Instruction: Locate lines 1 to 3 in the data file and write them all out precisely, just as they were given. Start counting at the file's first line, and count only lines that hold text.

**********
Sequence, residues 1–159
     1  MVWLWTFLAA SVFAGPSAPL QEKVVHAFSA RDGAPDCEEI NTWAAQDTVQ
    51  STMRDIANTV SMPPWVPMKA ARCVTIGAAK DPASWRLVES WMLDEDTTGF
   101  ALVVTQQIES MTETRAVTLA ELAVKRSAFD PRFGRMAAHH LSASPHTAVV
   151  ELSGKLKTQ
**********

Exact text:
Sequence, residues 1–159
     1  MVWLWTFLAA SVFAGPSAPL QEKVVHAFSA RDGAPDCEEI NTWAAQDTVQ
    51  STMRDIANTV SMPPWVPMKA ARCVTIGAAK DPASWRLVES WMLDEDTTGF